This is a collection of materials from the Spring 2021 Library OER grant. In the cohort, we set out to answer five big questions:
These questions roughly follow the order of sections in the OER starter kit that we used as our "textbook". In our workshops, we did not follow the sections in a strict order but tried to provide the information that folks needed to get started as early as possible.
|1/29/2021||1: Finding OER|
|2/26/2021||3: Teaching with OER|
The purpose of this workshop was to make faculty aware of the OER grant and help them apply for it. We had two activities, one revolving around how switching to OER would imrpove the student experience in a given course, and another about finding existing OER for a given course. Essentially, these two activities resulted in a draft response to the two main questions asked in the call for proposals.
To prepare for this workshop, participants were asked to spend another 30 minutes looking for suitable OER for their course (see attached file). During the session, we introduced ourselves to the cohort, shared experiences looking for existing OER, and worked on a prompt to make individual plans for the semester (see attached slides).
To prepare for this workshop, participants were asked to list some of the OER they planned on incorporating into their course, along with the licenses they come with (see attached homework). During the workshop, we did an activity from the OER starter kit (Chapter 1 worksheet 4, see attached document) to identify the license on given resources, and answered questions about licensing your own work.
To prepare for this workshop, participants were asked to read a paper on the impact of OER (see attached instructions). During the workshop, we did a writing activity (see attached prompt) about how OER can change the student experience, and we met with students in small groups to discuss specific ideas how to incorporate OER into our classroom.
To prepare for the workshop, participants were asked to think about questions they would like to ask fellow faculty who have written textbooks. During the workshop, four faculty authors were invited to answer questions (one participant also had authored a textbook in the past). In a lively discussion, we touched on topics such as about motivation to write a textbook, the modest financial rewards, editorial support, peer review, revisions and second editions, time management, and many other topics.
To prepare for this workshop, participants were asked to read the chapter on accessibility and usability in the OER starter kit. Our guest of the day was Lynn Zayak from Westfield's Center for Instructional Technology (CIT). To start the workshop, participants gave a quick introduction of their project to our guest. Then, Lynn gave an overview of what we need to do in terms of accessibility, and how CIT can help. We closed with a quick demonstration on how to use markdown to write text and an image (with alt-text) so that it is ready for automatic assistive tools such as screen readers.
To prepare for this workshop, participants were asked to consider sharing a educational resource they developed as OER. This could be an image, diagram, exercise - anything that is ready for reuse. During the workshop, we discussed the ideas participants had and how to implement them. Among the items already available as OER were an activity to analyze grain size distribution in sand and a remixed image of the blues chord progression. We talked about how to package and where to upload OER snippets in theatre (an exercise to talk about subtext), writing (a reverse outline technique to discover the structure of a text), planning (an exercise to understand the attitudes and moves of individuals in a focus group), biostatistics (solutions to a low-stakes coding exercise where answers appear only after pressing a button), and economics (how to quickly create a graph showing price-dependent purchase decisions based on a google form). We also talked about how publishing OER should be valued by the university, but is not on everyone's radar as a form of faculty scholarship yet.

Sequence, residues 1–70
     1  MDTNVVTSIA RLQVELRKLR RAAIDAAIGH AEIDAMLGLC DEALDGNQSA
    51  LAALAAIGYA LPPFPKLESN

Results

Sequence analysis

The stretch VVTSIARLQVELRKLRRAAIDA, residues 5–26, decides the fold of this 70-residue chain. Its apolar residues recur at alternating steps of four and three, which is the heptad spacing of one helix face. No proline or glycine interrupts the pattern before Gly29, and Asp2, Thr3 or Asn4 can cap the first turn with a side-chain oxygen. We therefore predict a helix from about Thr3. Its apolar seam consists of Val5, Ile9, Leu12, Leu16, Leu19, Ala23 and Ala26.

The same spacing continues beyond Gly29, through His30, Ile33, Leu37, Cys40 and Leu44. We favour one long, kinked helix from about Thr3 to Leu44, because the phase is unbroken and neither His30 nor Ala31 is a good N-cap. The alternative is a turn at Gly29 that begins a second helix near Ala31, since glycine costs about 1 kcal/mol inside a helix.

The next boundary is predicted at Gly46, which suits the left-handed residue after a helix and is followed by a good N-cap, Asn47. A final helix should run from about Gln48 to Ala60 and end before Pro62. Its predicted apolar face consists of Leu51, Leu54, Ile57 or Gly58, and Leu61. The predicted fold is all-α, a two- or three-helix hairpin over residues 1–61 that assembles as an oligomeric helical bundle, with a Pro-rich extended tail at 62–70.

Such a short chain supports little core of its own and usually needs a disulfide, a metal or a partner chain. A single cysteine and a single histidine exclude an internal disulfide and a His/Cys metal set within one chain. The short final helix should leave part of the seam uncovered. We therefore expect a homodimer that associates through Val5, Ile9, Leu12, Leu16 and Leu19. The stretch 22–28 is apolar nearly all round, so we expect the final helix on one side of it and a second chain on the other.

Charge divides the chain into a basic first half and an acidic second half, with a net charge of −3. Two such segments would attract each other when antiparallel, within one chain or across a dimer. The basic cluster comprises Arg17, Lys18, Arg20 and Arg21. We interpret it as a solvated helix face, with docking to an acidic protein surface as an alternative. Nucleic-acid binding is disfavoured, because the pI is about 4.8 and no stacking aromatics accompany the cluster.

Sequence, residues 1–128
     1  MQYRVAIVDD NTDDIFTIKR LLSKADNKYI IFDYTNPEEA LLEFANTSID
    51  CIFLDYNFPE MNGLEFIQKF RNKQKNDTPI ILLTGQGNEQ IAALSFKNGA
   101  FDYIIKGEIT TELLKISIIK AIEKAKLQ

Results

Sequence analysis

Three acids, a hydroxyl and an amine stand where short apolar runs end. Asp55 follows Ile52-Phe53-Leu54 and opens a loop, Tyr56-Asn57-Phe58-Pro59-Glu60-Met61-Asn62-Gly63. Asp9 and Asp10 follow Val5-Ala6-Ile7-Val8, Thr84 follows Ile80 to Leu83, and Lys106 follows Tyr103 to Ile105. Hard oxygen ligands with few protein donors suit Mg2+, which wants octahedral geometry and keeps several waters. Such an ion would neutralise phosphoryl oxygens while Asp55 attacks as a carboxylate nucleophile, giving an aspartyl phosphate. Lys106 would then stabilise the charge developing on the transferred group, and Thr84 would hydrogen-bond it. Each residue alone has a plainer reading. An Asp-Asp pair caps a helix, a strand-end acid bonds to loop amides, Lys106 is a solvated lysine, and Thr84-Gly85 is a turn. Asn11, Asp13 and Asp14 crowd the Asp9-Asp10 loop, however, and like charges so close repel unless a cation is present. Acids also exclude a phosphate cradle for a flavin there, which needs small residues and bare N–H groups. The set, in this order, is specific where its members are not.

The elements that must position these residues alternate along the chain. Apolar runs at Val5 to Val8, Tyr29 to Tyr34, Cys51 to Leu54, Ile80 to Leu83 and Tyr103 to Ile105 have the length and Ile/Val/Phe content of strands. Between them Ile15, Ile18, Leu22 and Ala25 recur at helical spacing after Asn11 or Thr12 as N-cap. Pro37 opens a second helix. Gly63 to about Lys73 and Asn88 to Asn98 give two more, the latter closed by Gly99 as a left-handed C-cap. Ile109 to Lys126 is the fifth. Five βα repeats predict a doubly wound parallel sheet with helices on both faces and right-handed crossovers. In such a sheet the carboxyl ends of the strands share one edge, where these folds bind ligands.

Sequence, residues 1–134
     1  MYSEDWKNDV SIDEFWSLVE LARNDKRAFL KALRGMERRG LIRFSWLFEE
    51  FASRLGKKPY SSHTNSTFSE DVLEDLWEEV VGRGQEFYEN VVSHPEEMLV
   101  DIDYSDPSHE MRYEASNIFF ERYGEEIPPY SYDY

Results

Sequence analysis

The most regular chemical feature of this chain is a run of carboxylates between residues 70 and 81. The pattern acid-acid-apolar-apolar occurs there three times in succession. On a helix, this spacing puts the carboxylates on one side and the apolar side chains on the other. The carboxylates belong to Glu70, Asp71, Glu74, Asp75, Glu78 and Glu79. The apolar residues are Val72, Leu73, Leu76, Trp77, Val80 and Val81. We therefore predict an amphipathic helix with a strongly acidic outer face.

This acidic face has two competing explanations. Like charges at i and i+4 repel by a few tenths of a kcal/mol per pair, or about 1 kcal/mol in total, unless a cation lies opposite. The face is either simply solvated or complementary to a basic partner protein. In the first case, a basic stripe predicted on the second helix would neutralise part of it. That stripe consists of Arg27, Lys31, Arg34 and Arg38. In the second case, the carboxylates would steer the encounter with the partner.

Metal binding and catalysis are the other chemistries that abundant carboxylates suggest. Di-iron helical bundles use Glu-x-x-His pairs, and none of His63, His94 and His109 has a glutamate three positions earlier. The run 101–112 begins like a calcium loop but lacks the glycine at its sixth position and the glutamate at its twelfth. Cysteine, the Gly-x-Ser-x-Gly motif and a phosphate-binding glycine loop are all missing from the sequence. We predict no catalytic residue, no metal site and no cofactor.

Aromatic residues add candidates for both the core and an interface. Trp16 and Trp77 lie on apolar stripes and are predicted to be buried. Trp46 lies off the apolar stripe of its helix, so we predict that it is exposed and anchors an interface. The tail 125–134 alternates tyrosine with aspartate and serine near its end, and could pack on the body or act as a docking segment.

In this final workshop of the semester, participants gave 10-minute presentations about their project. Using specific examples they showed a sample of the OER and discussed how they intend to use it in the classroom. In closing, they shared one of the lessons they learned while working on their OER project this semester.
Previous grants focused on adoption of existing OER to lower student costs. For this year’s grant, we decided to create a local cohort to increase support of grantees. The application process focused on the desire to change rather than knowing a specific solution. A pre-grant workshop served to increase the number of applications. Nine faculty from seven departments spanning the disciplines were invited into the cohort. We offer biweekly skill-building, project-planning and community-building workshops. Faculty are encouraged to set realistic goals and are asked to present results at the end of the semester. Members of the cohort expressed appreciation for support with time management and project scope, for the opportunity to share ideas, and for the exercises that we facilitated. We learned that aiming to make course resources more inclusive and more up to date is appealing to faculty across campus. Having grantees work in a cohort rather than as individuals has multiple benefits, including supporting each other and learning from another. We shared our insights at the 2021 Northeast OER summit in a panel discussion.